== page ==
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White House chief medical advisor Dr. Anthony Fauci said fully vaccinated people might want to consider wearing masks indoors as a precaution against the rapidly spreading delta variant in the U.S.

“If you want to go the extra mile of safety even though you’re vaccinated when you’re indoors, particularly in crowded places, you might want to consider wearing a mask,” Fauci said in an interview Wednesday with CNBC.

Some areas of the U.S. are reimplementing mask mandates due to spikes in cases. The more transmissible delta variant now makes up roughly 83% of sequenced Covid-19 cases in the country, according to the Centers for Disease Control and Prevention.

“It’s suggested that you wear a mask when you are indoors in a situation where you have a level of dynamics of virus in the community that’s high,” Fauci said.

He also said U.S. officials are concerned that they are seeing more breakthrough infections in fully vaccinated people in the U.S., even if they are more mild cases.

“That’s something we obviously don’t want to see,” he said, noting that the delta variant was highly transmissible. “This virus is clearly different than the viruses and the variants that we’ve had experience with before. It has an extraordinary capability of transmitting from person to person.”

Variants have increased in transmissibility from the original strain and some are proving to reduce the effectiveness of vaccines.

“Viruses don’t mutate unless you allow them to replicate and spread in the community, you give them ample time and ample opportunity to mutate and you got a new variant,” Fauci said. “The easiest and best and most effective way that we can prevent the emergence of a new variant and crush the already existing delta variant is to get everyone vaccinated.”

In the U.S., 99.5% of Covid deaths are now among unvaccinated people. “That is a statistic that speaks for itself,” Fauci said.

Despite the surge in new cases, Fauci said he doesn’t believe U.S. officials will renew calls for a nationwide mask mandate “because there will be a lot of pushback on that.”

Local counties and private businesses may choose to enforce mask mandates as the delta variant continues to spread in unvaccinated pockets of the country. Currently, almost two-thirds of counties in the U.S. have vaccinated less than 40% of their residents.

Colleges and universities have also taken the question of mandated vaccinations to court. Indiana University recently got the green light from a federal judge to require vaccines for students attending the fall semester.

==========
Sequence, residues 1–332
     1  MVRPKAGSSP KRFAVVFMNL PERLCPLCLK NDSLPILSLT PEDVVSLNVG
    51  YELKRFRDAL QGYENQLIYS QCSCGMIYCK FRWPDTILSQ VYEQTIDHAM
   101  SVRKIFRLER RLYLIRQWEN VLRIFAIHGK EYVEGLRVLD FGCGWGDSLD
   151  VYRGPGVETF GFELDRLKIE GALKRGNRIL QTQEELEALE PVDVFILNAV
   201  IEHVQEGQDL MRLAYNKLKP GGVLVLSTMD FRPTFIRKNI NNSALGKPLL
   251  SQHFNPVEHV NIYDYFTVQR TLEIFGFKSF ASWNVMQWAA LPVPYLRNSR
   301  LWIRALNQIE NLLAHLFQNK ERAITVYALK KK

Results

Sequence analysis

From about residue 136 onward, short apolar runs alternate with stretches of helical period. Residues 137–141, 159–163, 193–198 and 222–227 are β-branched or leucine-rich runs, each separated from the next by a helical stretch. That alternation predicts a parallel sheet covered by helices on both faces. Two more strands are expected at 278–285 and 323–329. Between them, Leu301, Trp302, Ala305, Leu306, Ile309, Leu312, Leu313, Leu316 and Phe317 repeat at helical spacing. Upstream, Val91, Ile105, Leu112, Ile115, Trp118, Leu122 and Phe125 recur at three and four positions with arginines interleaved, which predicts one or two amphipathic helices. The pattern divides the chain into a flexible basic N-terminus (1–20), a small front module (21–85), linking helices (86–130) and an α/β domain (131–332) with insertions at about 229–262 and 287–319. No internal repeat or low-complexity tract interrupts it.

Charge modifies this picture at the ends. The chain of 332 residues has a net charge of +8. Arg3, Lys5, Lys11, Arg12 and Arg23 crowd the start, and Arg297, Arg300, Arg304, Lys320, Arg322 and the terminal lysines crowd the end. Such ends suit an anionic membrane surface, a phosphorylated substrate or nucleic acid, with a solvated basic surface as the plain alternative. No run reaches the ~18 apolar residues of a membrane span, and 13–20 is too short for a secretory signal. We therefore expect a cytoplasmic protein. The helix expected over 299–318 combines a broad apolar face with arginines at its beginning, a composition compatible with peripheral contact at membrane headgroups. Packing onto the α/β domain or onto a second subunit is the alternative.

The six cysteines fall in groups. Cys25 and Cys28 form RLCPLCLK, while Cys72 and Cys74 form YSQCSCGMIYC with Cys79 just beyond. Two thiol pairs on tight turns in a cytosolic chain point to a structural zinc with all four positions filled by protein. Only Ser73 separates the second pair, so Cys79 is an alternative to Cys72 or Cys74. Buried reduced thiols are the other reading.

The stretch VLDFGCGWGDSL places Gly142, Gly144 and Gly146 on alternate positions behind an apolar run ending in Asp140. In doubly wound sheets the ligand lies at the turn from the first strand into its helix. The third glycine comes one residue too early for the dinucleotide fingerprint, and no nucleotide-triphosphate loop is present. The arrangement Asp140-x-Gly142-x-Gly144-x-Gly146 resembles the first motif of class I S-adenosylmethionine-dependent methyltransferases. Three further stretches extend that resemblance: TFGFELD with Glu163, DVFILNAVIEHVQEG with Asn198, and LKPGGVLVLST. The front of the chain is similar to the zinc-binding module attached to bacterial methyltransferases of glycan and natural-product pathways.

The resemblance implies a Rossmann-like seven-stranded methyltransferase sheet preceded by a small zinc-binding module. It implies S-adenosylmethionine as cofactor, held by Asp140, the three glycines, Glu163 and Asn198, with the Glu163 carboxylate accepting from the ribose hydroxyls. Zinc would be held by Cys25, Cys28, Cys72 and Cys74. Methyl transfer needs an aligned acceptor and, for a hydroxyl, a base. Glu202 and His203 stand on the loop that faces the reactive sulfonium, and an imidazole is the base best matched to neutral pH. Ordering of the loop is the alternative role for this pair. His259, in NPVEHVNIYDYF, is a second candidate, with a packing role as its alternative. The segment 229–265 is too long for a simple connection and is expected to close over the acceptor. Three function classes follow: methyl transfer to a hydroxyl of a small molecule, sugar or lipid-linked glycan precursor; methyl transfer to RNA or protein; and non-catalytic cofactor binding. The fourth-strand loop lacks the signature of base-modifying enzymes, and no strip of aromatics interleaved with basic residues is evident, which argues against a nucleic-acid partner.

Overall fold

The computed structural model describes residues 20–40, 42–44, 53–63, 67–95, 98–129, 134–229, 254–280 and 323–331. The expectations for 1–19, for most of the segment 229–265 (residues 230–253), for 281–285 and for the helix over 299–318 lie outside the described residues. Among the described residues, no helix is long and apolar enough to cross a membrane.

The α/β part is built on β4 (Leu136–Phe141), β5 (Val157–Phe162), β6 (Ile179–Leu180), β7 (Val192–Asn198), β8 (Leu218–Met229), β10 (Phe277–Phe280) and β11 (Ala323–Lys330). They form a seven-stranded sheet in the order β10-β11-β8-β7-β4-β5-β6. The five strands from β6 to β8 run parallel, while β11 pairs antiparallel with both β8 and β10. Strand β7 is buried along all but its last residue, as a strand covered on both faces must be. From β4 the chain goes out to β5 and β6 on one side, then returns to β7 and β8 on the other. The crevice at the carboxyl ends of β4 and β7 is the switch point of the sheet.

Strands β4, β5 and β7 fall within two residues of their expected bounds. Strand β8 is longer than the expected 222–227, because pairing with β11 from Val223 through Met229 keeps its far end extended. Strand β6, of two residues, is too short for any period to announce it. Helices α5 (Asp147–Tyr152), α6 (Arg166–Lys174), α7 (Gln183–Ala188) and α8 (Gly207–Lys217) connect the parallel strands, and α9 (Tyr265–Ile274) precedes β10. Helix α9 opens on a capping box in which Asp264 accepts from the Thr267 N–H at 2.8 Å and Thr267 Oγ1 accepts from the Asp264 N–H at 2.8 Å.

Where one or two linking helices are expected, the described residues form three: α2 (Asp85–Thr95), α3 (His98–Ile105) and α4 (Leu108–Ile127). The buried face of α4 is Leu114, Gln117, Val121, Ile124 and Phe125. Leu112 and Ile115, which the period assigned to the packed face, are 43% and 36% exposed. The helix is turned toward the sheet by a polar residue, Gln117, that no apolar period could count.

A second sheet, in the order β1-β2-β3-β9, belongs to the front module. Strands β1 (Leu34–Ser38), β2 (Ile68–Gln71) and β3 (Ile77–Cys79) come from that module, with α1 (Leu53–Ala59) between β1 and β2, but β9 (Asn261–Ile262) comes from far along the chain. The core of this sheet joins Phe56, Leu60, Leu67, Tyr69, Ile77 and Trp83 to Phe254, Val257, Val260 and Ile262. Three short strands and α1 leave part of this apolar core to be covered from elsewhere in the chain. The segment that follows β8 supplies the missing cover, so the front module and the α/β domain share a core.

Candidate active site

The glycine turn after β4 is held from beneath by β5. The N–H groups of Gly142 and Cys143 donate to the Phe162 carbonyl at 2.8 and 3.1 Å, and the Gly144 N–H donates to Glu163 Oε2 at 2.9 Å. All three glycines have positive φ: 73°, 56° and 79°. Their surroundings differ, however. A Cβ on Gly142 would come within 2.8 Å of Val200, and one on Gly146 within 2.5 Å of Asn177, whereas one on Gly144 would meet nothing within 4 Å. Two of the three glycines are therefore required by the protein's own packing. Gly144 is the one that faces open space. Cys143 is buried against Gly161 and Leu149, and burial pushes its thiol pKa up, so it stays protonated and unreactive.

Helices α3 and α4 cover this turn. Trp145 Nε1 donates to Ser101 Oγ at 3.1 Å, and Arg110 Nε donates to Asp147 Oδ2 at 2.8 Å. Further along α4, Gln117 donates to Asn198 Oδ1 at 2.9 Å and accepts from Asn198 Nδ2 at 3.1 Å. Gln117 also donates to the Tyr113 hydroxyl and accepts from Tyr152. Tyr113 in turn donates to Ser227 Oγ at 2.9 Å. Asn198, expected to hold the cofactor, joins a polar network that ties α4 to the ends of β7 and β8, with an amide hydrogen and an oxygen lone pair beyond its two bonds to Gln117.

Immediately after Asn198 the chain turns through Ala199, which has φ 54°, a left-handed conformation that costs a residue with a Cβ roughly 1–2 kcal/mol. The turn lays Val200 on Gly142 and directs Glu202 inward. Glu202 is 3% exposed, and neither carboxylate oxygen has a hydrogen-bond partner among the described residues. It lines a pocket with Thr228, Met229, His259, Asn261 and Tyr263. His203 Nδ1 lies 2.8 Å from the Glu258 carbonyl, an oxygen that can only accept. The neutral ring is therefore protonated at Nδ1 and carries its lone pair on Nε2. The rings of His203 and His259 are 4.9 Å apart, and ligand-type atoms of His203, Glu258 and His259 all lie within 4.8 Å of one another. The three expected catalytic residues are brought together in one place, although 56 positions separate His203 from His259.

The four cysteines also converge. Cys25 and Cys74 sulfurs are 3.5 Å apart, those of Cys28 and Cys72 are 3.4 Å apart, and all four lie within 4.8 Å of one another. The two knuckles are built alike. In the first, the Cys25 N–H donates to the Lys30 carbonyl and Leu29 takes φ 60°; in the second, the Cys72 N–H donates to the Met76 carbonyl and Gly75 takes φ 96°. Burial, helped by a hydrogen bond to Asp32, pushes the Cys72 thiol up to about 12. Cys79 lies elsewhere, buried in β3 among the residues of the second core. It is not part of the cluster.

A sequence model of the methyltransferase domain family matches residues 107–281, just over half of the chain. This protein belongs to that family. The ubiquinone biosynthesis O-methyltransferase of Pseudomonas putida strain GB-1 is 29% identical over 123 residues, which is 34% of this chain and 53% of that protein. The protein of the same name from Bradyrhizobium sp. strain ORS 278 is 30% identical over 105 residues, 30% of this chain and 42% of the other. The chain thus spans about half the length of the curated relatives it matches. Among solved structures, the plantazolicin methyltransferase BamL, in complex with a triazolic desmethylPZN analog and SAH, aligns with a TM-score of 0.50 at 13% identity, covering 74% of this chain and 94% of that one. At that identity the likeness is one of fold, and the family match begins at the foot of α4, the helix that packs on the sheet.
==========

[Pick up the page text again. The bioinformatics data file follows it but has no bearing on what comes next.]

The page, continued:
Fauci said he doesn’t see lockdowns making a comeback anytime soon.

“I don’t see that on the horizon right now,” Fauci said. “What I do see is increased testing and increased local mandates and a big push to get people vaccinated.”

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Elon Musk, Jack Dorsey speak about cryptocurrency at B-Word conference

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A still from The B Word showing Elon Musk.

Source: The B Word

The price of ethereum rose Wednesday afternoon after Tesla and SpaceX CEO Elon Musk said he owns the cryptocurrency at The B-Word conference, an event hosted by the Crypto Council for Innovation.

Ethereum, which was already rallying on the day, touched its high of the session after Musk’s mention. It was last up more than 12% and near the highs of the day.

Musk also repeated his support for cryptocurrency in general, despite potential environmental risks, saying, “One thing you do need to watch out for with crypto, especially bitcoin, using proof of work, using energy that’s a bit too much and not necessarily good for the environment.”

As bitcoin mining is increasingly powered by renewable energy, Musk said, Tesla will likely move to accept bitcoin for transactions once again.

Musk also said that at this time, the only publicly traded stock he owns is Tesla’s, and that he personally owns some bitcoin, dogecoin and ethereum. “The only significant thing I own outside of Tesla is SpaceX,” he noted, having helped create both companies.

He also said he has been holding his bitcoin long-term.

“If the price of bitcoin goes down I lose money. I might pump but I don’t dump,” Musk said. “I definitely do not believe in getting the price high and selling or anything like that. I would like to see bitcoin succeed.”

Musk also confirmed that both Tesla and SpaceX own bitcoin, and no other cryptocurrency at this time.

The B-Word conference was established to “demystify,” “de-stigmatize” and “correct the mainstream narrative” around the cryptocurrency bitcoin and promote its institutional acceptance and use.

Musk is speaking on a panel alongside Jack Dorsey, CEO of payment company Square and Musk’s favorite social media platform Twitter, along with ARK Invest CEO and founder Cathie Wood, who are answering questions from moderator and Square Crypto lead Steve Lee.